No, that's not true at all.

Let's start with the most basic of meta-theories: $\sf PRA$, the theory of Primitive Recursive Arithmetic. Here we have the natural numbers, and the primitive recursive functions.

This theory is strong enough to internalise FOL, so we can just assume that we're manipulating strings. The point of an *axiom schema* is that it is a predicate that lets us recognise all the axioms which have a certain form. And any reasonable schema, including those of $\sf ZFC$, are in fact primitive recursive. In other words, there is a primitive recursive function $f_{\rm Sep}(n)$ which takes in $n$, and if $n$ is the Gödel number of a formula with some basic properties $\varphi$, then $f_{\rm Sep}(n)$ is the Gödel number of the axiom obtained from the schema by putting $\varphi$ into it. If $n$ is not the Gödel number of a suitable formula, just return the axiom for the formula $\varphi$ given by $x=x$ or something like that.

Since $\sf ZFC$ is presented as finitely many axioms and one or two schemata (Separation and Replacement, but Replacement is generally enough to prove Separation, making it redundant), then the collection of Gödel numbers of axioms of $\sf ZFC$ is in fact primitive recursive. So we can *really* talk about the first-order theory that is $\sf ZFC$.

To recap, the point of the schemata is to allow us to have infinitely many axioms with the same structure—that we can recognise mechanically—so that when we need to use any such axiom in a proof, we can always be sure that it is part of this or not.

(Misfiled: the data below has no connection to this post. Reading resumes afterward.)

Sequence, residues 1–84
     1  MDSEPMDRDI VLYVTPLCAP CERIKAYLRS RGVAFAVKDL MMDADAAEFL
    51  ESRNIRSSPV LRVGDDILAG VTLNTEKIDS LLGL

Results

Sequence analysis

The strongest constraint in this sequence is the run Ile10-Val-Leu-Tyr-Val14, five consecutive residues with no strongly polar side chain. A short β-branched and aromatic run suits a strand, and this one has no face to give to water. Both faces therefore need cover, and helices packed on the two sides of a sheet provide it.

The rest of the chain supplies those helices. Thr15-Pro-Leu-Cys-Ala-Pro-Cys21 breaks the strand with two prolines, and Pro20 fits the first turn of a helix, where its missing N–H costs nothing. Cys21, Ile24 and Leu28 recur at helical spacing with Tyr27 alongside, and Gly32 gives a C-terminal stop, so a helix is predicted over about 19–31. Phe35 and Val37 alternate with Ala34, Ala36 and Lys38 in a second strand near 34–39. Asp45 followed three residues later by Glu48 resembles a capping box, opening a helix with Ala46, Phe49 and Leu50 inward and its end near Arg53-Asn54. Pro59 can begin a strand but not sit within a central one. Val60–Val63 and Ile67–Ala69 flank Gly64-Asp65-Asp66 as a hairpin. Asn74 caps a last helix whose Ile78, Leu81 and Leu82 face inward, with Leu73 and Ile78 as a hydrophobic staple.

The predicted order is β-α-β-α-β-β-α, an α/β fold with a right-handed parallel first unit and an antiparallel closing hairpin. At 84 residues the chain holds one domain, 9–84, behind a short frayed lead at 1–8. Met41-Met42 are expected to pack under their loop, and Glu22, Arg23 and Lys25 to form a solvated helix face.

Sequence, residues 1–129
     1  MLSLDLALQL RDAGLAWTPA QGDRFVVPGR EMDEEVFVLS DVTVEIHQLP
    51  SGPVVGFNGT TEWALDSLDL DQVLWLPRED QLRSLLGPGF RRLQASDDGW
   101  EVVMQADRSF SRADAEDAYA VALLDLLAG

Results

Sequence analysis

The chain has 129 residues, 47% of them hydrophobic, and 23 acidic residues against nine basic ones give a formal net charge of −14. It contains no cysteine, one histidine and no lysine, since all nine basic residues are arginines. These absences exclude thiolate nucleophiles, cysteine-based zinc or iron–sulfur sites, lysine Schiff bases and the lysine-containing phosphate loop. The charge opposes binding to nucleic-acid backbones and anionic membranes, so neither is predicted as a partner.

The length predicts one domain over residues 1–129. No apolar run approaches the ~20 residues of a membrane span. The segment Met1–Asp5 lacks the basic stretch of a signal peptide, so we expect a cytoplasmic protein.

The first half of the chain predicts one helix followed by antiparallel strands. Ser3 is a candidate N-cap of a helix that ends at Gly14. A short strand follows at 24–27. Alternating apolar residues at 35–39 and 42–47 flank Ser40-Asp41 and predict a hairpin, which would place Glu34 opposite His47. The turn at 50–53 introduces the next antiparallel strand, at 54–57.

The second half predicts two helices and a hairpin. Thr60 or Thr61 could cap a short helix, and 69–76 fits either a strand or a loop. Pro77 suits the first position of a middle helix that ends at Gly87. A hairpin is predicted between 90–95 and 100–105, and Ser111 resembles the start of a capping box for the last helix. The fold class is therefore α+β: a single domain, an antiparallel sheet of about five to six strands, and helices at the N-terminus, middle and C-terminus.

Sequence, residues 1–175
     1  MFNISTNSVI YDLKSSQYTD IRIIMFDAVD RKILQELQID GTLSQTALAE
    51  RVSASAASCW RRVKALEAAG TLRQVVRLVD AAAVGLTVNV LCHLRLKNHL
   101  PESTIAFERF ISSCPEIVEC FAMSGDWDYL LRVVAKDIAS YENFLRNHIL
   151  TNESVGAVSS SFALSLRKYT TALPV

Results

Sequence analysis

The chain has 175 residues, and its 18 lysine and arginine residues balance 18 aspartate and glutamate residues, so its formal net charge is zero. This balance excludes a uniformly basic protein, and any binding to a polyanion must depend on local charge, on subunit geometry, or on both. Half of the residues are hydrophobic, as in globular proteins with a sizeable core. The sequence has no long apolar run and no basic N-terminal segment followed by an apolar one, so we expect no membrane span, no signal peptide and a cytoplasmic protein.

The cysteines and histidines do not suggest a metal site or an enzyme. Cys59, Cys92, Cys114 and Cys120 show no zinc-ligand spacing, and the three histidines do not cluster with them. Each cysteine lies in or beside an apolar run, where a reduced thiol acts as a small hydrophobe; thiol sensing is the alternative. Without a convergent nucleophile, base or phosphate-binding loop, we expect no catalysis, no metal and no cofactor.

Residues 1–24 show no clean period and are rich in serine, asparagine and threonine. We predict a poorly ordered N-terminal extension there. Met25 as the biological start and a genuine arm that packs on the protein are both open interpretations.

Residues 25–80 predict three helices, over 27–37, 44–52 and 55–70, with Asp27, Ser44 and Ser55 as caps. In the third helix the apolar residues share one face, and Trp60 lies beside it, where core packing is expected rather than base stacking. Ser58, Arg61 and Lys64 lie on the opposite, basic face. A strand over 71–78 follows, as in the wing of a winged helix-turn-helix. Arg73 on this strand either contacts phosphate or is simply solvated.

Another way to approach this is by saying that our foundation is in fact $\sf ZFC$. We use set theory to discuss set theory. This sounds circular, but how is this any different than using $\sf PRA$ to study the logical consequences of $\sf PRA$? It's not. Mathematics is not something that we do in vacuum, some assumptions are needed. And it is perfectly fine to study $\sf ZFC$ inside $\sf ZFC$.

There, we have the notions of sets already existing, so we can talk about a set of axioms. Of course, we need to argue why a certain set exists, which is to say that we need to be able to prove that the set of these axioms actually exists. And again we use the fact that a schema is a function which takes formulas and returns axioms, so we may replace the schema with the axioms, as it is the range of this function.

So again, we have that $\sf ZFC$ is a set of first-order axioms in the language of set theory.

Not in any sense. $T'$ is in fact a conservative extension of $\mathsf{ZF}$-$\mathsf{Inf}$; this is a consequence of the compactness theorem.

Now any *well-founded* model (or even $\omega$-model) of $T'$ restricts to a model of $\mathsf{ZF}$, but in the absence of such a semantic restriction $T'$ is no better than $\mathsf{ZF}$.

## Best Answer

I was pretty sure this was a duplicate, but right now I can't find this exact question having been asked earlier, so here goes:Yes, you can do this - the key is the axiom scheme of

replacement(orcollectiondepending on how you've seen $\mathsf{ZF}$ presented).Consider the following (English shorthand for a) formula $\varphi(x,y,z)$:

Then "$\varphi(x,y,z)$" should be interpreted as "$x=\mathcal{P}^y(z)$." A quick argument shows that we can apply replacement (and infinity) to prove in $\mathsf{ZF}$ the following:

Applying the union axiom to $C_z$ then gives the desired set.

There are two key things worth noting here:

The use of the "coding sequence" $b$ exactly parallels a similar technique in the context of arithmetic for talking about computations.

By taking unions at limits there's no difficulty in extending this to arbitrary ordinals instead of just natural numbers, where $y$ is concerned - in $\mathsf{ZF}$ we can in fact make sense of $\mathcal{P}^\alpha(S)$ and $\bigcup_{\beta<\alpha}\mathcal{P}^\beta(S)$ for any set $S$ and ordinal $\alpha$.